Strange Eons follows a young woman struggling to adjust to a life post-Lovecraftian apocalypse. This is a cozy story, the majority of which takes place as the woman lays in a cornfield and hides from well-meaning but unhelpful family members. While cozy, the piece is ominous, tackling the terror associated with pregnancy. Specifically, the terror that comes from living in a Red State and finding a significant lack of resources or options.

As a Hoosier capable of becoming pregnant, Strange Eons resonated with me. The imagery of cornfields and cicadas were very Indiana. However, so is a young woman covertly asking her sister to drive her to Illinois to receive healthcare. I loved how Perkins merged cosmic horror with the horror of receiving reproductive healthcare in Indiana but also the United States as a whole. All that was missing were predatory billboards advertising fake pregnancy centers! Talk about maddening and terrifying! Throughout the short story, the most horrific part of the young woman’s ordeal is not the eldritch gods appearing but her rather typical, hellish circumstances.

Aside from content, Strange Eons is well-written. It keeps you guessing where the story will go next. If you like a non-tropey cozy take on Lovecraftian horror or have struggled to receive reproductive healthcare, I highly recommend checking out Strange Eons! You can also check out the other stories in this issue of Bourbon Penn here. Or you can see what else Perkins is up to on her website.

5 out of 5 stars (5 / 5)

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Book Reviews

Walking Practice – A Book Review



Walking Practice is Dolki Min’s debut novella about an alien named Mumu, who must learn what it is like to perform as a human. Victoria Caudle, the translator of this unique Korean story, experiments with the English language to properly convey Min’s style. This, complimented with Min’s various drawings of the story’s protagonist, creates a poetic, outlandish reading experience that keeps you hooked from beginning to end.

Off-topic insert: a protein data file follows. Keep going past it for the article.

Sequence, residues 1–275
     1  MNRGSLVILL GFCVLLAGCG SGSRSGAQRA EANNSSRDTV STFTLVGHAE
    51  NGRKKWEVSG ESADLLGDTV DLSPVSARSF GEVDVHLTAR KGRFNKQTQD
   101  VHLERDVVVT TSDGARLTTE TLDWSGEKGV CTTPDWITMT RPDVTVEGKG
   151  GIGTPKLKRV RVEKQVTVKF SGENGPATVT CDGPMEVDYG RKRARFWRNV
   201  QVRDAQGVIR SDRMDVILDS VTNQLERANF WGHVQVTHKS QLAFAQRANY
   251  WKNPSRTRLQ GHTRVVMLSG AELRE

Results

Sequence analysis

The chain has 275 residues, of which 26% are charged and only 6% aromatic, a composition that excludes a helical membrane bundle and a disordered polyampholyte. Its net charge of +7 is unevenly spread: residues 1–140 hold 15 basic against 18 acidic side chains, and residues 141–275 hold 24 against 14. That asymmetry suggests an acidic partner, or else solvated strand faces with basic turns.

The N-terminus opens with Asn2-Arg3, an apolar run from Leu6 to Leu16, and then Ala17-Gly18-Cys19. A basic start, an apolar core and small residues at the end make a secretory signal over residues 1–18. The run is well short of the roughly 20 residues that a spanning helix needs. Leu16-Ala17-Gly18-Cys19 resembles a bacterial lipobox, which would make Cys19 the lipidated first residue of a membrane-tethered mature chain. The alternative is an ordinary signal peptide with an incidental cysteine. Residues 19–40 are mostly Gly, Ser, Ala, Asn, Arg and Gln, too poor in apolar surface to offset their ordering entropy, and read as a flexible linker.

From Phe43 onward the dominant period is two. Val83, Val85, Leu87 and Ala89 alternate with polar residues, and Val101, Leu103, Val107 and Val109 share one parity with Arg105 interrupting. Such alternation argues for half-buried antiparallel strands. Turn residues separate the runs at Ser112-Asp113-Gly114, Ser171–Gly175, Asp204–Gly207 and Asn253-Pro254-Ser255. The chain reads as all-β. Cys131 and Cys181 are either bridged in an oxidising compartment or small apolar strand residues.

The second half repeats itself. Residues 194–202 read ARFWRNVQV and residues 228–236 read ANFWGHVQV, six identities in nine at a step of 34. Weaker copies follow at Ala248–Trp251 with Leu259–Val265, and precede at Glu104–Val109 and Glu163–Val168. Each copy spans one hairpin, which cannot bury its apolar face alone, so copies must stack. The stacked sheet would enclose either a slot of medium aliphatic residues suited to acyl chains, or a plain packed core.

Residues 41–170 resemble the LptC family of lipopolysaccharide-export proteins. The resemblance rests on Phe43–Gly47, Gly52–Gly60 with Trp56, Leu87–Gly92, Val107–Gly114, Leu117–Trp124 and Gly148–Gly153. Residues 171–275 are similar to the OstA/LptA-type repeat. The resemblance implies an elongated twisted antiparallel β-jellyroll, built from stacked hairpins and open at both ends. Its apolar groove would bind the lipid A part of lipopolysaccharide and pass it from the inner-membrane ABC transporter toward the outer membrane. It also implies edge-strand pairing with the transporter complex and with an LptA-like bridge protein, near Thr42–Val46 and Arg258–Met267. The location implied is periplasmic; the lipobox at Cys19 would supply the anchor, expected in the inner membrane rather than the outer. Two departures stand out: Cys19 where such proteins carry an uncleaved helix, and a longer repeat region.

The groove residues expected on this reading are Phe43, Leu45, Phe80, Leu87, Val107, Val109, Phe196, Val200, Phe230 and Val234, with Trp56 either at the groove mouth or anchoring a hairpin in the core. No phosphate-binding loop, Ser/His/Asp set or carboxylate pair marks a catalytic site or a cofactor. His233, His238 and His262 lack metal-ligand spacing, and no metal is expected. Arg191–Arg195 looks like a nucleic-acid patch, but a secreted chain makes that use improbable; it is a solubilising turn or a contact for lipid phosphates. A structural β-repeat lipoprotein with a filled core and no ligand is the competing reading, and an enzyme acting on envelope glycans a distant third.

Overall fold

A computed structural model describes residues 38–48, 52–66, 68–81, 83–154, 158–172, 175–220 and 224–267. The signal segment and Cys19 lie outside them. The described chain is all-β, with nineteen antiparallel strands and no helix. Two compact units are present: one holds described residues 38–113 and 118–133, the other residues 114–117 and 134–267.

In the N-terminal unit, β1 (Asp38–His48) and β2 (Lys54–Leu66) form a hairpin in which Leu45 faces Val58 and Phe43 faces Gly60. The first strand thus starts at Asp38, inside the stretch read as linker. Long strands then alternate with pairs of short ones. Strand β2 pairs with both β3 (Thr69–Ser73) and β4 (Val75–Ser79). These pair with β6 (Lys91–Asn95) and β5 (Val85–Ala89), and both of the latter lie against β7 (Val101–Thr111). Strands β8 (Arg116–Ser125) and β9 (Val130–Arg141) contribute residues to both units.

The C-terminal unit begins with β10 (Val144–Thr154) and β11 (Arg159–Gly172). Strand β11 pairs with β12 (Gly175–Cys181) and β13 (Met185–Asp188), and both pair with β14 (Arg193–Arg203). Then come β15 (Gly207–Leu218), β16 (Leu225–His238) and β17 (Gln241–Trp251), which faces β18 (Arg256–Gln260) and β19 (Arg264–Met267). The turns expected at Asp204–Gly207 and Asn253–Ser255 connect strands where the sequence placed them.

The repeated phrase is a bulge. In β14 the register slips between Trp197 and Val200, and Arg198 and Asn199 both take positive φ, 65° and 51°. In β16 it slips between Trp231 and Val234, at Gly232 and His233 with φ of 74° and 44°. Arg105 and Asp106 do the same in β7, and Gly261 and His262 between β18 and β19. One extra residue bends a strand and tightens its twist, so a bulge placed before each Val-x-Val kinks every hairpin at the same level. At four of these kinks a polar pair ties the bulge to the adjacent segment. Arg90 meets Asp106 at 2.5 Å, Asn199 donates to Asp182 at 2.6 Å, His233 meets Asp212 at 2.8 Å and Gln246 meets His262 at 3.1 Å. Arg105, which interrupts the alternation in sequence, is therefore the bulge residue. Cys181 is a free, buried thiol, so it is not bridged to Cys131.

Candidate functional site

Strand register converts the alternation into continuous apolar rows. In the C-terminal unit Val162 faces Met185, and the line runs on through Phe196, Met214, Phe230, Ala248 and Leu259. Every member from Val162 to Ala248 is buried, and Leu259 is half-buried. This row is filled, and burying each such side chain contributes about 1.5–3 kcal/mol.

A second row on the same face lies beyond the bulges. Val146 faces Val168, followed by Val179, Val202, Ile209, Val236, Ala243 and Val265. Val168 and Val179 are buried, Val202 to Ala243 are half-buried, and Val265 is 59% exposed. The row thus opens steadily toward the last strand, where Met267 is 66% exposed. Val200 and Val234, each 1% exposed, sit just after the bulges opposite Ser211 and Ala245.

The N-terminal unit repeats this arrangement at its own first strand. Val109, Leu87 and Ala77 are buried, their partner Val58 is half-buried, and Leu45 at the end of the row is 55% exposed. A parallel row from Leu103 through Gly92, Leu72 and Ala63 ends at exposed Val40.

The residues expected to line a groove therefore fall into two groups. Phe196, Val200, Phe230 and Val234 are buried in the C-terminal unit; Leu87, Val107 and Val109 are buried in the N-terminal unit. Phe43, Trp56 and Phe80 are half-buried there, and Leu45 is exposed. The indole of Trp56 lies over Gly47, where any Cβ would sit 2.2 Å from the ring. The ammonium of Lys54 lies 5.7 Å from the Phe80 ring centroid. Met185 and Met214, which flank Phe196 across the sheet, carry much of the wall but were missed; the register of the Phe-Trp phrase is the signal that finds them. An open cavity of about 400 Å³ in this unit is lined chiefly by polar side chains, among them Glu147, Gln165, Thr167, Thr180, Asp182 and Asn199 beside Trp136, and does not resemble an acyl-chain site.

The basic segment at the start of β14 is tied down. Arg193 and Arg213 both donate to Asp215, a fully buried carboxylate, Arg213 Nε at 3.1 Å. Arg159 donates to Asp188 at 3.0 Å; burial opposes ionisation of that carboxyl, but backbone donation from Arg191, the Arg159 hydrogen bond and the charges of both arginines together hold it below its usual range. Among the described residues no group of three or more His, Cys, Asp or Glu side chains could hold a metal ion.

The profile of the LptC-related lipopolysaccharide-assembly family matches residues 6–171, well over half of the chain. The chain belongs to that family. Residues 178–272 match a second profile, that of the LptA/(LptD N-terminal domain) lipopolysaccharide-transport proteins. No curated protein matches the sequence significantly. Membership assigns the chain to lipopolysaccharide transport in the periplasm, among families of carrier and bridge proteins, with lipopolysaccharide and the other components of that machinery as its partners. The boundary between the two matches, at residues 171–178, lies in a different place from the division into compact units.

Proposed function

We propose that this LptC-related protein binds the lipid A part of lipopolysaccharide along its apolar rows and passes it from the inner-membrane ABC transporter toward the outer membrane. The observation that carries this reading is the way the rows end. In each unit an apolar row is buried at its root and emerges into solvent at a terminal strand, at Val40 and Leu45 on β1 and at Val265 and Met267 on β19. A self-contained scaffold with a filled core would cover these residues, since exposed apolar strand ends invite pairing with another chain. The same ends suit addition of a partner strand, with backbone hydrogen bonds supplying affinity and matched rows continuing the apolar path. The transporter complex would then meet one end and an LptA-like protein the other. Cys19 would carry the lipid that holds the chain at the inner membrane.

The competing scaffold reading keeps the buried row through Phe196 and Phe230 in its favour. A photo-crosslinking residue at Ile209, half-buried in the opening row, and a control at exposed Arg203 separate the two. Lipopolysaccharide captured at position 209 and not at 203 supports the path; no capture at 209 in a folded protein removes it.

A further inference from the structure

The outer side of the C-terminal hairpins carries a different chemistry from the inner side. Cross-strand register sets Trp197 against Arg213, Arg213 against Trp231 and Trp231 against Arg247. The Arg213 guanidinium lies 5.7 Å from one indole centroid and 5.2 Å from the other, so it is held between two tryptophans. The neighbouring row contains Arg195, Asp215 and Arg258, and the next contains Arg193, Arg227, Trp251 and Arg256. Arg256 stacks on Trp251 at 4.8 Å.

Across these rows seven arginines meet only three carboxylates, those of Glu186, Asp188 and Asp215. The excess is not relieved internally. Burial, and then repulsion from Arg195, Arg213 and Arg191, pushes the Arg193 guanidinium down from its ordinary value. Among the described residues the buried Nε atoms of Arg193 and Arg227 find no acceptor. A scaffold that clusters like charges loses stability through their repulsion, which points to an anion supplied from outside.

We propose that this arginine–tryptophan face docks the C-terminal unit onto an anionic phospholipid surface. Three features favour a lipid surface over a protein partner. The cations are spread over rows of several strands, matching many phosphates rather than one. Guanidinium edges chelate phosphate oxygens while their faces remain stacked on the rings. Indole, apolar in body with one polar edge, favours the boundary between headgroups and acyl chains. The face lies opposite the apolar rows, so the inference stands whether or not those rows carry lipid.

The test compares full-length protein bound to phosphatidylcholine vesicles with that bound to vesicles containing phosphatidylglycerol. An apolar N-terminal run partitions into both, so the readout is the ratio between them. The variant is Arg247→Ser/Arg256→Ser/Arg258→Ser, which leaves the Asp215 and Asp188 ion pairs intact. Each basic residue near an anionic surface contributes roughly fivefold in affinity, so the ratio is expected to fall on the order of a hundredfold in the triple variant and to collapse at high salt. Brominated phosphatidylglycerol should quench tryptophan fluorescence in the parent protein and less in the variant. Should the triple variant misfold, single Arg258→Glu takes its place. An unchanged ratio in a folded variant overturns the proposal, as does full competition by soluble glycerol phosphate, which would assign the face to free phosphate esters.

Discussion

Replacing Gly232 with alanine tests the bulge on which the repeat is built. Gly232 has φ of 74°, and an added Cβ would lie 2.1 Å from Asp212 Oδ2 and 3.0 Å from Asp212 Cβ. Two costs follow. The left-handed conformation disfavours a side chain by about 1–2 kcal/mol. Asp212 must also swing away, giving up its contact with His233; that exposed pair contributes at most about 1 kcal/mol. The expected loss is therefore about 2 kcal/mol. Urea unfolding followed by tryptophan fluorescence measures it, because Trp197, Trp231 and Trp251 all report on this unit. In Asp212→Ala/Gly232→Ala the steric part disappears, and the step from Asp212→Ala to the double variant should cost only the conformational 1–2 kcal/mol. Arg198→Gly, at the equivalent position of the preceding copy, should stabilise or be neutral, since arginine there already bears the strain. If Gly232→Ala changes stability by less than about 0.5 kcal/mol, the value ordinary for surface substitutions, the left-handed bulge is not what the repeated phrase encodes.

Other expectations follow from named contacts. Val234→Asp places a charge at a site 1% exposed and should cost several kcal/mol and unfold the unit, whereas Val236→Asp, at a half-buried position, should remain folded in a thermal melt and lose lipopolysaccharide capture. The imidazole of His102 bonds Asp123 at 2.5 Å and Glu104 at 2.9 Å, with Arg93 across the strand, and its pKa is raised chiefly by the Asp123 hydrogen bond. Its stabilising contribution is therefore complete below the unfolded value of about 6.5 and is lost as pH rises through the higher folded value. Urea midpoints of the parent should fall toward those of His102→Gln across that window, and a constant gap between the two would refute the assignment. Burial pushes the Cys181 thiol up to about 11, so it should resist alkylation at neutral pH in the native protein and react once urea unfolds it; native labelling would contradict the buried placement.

Walking Practice: Never Enough Practice

After the destruction of their home planet, Mumu crash lands their spaceship in a desolate forest far from human life. They survive by having sex with humans then, with graphic violence and great diligence, eats them.

Mumu has a strict schedule and regimen for this process; they must shapeshift their body to the specific gender and personality their date is attracted to. While this process of gender conformation is a difficult one (as the alien will often tell us), it is nowhere near as hard as the ridiculous habit humans have of walking on two legs. This is one of the many obstacles Mumu must struggle with while playing the game of life.

Dolki Min with the Korean Herald
Dolki Min in an interview with the Korean Herald

Mumu is a rich, self-aware character who seems to trust only one human: the reader. They address us directly, asking questions and indulging us with their theories on what it is to live on Earth. They are knowledgeable about the complexities of personhood, and aware that a person’s gender and sex are complex and not one-size-fits-all. After years of experience in multiple genders, the alien theorizes that humans are treated as people as soon as they have a sex and gender assigned to them. However, depending on the sex and gender, that treatment is never equal.

While Mumu performs various genders and personalities to match the sexual desires of their future prey, they do not identify as human. At the end of the day, they go home, stock their human leftovers in the fridge and freezer, and unleash their natural form. Their only priority is their own survival and pleasure (which, arguably, is their most humanlike quality).


“I’ve learned that my face arouses homicidal impulses”

Walking Practice uses horror, science fiction and satire to create a passionate queer narrative. While Mumu is a serial killer who prides themselves on their murderous skills, it is hard not to feel for them when karma strikes back and they are hurt. The poetic elements of Min’s story and Caudle’s translation support our empathy for such a vicious character

Min’s artwork, depicting Mumu’s alien forms, complements Caudle’s stylistic choices. There is enjambment in several paragraphs, (which can be interpreted as the alien either having a flair for the dramatic or genuinely pausing to find the right words), thus enhancing their internal dialogue. There are moments when the Mumu’s stream of consciousness confuses reality from imagination. They will also lose all learned human skills and revert to their mother tongue; words either run together or are spaced apart, and sometimes there are unintelligible symbols. At the surface, it looks like a linguistic nightmare. Once immersed in Mumu’s narrative, it is a work of art.

The Verdict

Walking Practice‘s balance of ambiguity and transparency keeps the reader close while also allowing an array of interpretations. It is an eccentric piece of fiction that plays with the literary status quo, resulting in an entertaining affair with an unforgettable alien. 5 out of 5 stars (5 / 5)